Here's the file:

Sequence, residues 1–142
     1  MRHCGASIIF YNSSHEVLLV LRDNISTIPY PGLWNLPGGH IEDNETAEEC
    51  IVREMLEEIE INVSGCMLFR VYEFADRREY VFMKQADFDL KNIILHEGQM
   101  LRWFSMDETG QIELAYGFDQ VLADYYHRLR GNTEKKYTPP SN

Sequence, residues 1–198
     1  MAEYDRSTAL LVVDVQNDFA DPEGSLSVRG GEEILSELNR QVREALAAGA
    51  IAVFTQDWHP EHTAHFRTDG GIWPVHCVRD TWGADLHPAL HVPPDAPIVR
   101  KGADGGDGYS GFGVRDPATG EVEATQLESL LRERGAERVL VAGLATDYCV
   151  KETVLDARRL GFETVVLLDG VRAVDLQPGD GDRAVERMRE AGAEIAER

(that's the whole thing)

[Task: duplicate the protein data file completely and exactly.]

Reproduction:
Sequence, residues 1–142
     1  MRHCGASIIF YNSSHEVLLV LRDNISTIPY PGLWNLPGGH IEDNETAEEC
    51  IVREMLEEIE INVSGCMLFR VYEFADRREY VFMKQADFDL KNIILHEGQM
   101  LRWFSMDETG QIELAYGFDQ VLADYYHRLR GNTEKKYTPP SN

Sequence, residues 1–198
     1  MAEYDRSTAL LVVDVQNDFA DPEGSLSVRG GEEILSELNR QVREALAAGA
    51  IAVFTQDWHP EHTAHFRTDG GIWPVHCVRD TWGADLHPAL HVPPDAPIVR
   101  KGADGGDGYS GFGVRDPATG EVEATQLESL LRERGAERVL VAGLATDYCV
   151  KETVLDARRL GFETVVLLDG VRAVDLQPGD GDRAVERMRE AGAEIAER